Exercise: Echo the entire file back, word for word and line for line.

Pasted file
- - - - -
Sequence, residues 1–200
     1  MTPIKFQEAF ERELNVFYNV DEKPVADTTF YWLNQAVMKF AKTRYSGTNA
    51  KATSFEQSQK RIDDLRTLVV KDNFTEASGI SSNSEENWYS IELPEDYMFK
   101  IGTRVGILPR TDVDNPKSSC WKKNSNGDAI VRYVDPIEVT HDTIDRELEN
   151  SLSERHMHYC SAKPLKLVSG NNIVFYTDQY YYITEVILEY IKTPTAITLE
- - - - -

Sequence, residues 1–200
     1  MTPIKFQEAF ERELNVFYNV DEKPVADTTF YWLNQAVMKF AKTRYSGTNA
    51  KATSFEQSQK RIDDLRTLVV KDNFTEASGI SSNSEENWYS IELPEDYMFK
   101  IGTRVGILPR TDVDNPKSSC WKKNSNGDAI VRYVDPIEVT HDTIDRELEN
   151  SLSERHMHYC SAKPLKLVSG NNIVFYTDQY YYITEVILEY IKTPTAITLE